As with our guidelines for flooding, it’s crucial to keep your property (especially gutters) free from dead leaves and thatch by cleaning them regularly. Also consider the materials that were used for construction, especially the roof, which is a particularly vulnerable area for fire proliferation. Are these materials combustible? Also choose plants for your property that are fire resistant. All plants burn under the right conditions, but some are more fire-safe than others. Cal Fire goes into more detail.
Create and maintain areas of defensible space on your property in 3 zones:
Zone 0, within 5 feet of your house: Try to create a zone that is as noncombustible as possible. This will help to prevent embers drifting through the air from igniting a fire in your home. By 2025, this will be required by law in California.
Zone 1, between 5 and 30 feet: This is the “lean, clean, and green” zone. Keep all trees and vegetation well-trimmed and maintained. Discourage potential fires from climbing trees by removing vegetation where possible.
Zone 2, 30 to 100 feet (or your property line): Reduce any potential fuel for fire. Thin out trees and shrubs to create islands of vegetation. Make sure tree canopies do not touch each other.
For all of these zones, keep vertical distance in mind in addition to the horizontal, and discourage flames from climbing.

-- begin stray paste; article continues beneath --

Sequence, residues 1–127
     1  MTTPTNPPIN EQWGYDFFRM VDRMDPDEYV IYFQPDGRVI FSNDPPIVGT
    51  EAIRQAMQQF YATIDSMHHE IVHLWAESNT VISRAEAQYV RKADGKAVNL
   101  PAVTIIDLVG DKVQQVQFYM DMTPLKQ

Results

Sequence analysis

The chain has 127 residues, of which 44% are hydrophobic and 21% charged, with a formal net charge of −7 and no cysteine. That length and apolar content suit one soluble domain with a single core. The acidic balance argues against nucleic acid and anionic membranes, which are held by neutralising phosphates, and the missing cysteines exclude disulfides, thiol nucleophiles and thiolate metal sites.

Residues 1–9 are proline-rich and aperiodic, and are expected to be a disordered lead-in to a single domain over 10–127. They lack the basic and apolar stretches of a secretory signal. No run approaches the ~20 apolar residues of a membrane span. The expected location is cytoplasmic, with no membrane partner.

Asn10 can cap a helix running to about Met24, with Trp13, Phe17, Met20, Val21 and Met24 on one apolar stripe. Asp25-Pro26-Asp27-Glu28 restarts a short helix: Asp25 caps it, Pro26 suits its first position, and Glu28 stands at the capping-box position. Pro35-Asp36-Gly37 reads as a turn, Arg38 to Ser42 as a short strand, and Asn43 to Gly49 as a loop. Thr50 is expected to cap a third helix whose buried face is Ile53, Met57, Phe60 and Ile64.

The California Air Resources Board has tips for coping with wildfire smoke, which can contain PM2.5, or particulate matter with a diameter less than 2.5 microns. These include checking the local air quality index (AQI), staying inside if necessary, and avoiding smoke inhalation. If you need to go outside, wear a NIOSH-certified N95 mask. Inside your home, install an air filter with a MERV 13 or higher rating. CARB-certified air cleaners are also available.
Earthquake Brace + Bolt is a program of the California Earthquake Authority (CEA) and the CalOES (the Governor’s Office of Emergency Services) that provides up to $3000 for a seismic retrofit. Your house must have been built before 1980, when seismic building codes were introduced, and it must have a wood frame foundation.
Secure your space. Be aware of potential hazards and secure potentially dangerous moveable items.
Plan to be safe. Make a plan with your family and have a plan for how you’ll communicate with each other and with the outside world.
Organize disaster supplies. This includes go bags, as we mentioned previously.
Minimize financial hardship. Keep important documents organized and look into acquiring earthquake insurance as previously stated. The Earthquake Brace + Bolt program is part of this step (as well as step 1).
Drop, cover, and hold on while an earthquake is in progress. Protect your head and neck by seeking out a heavy desk or table to hide under. Stay away from bookshelves and windows, and don’t move until all shaking has stopped.
Improve safety. After an earthquake happens, help anyone who’s injured and take steps to prevent further damage.
Reconnect and restore. Take steps to reestablish connection with others and rebuild your community.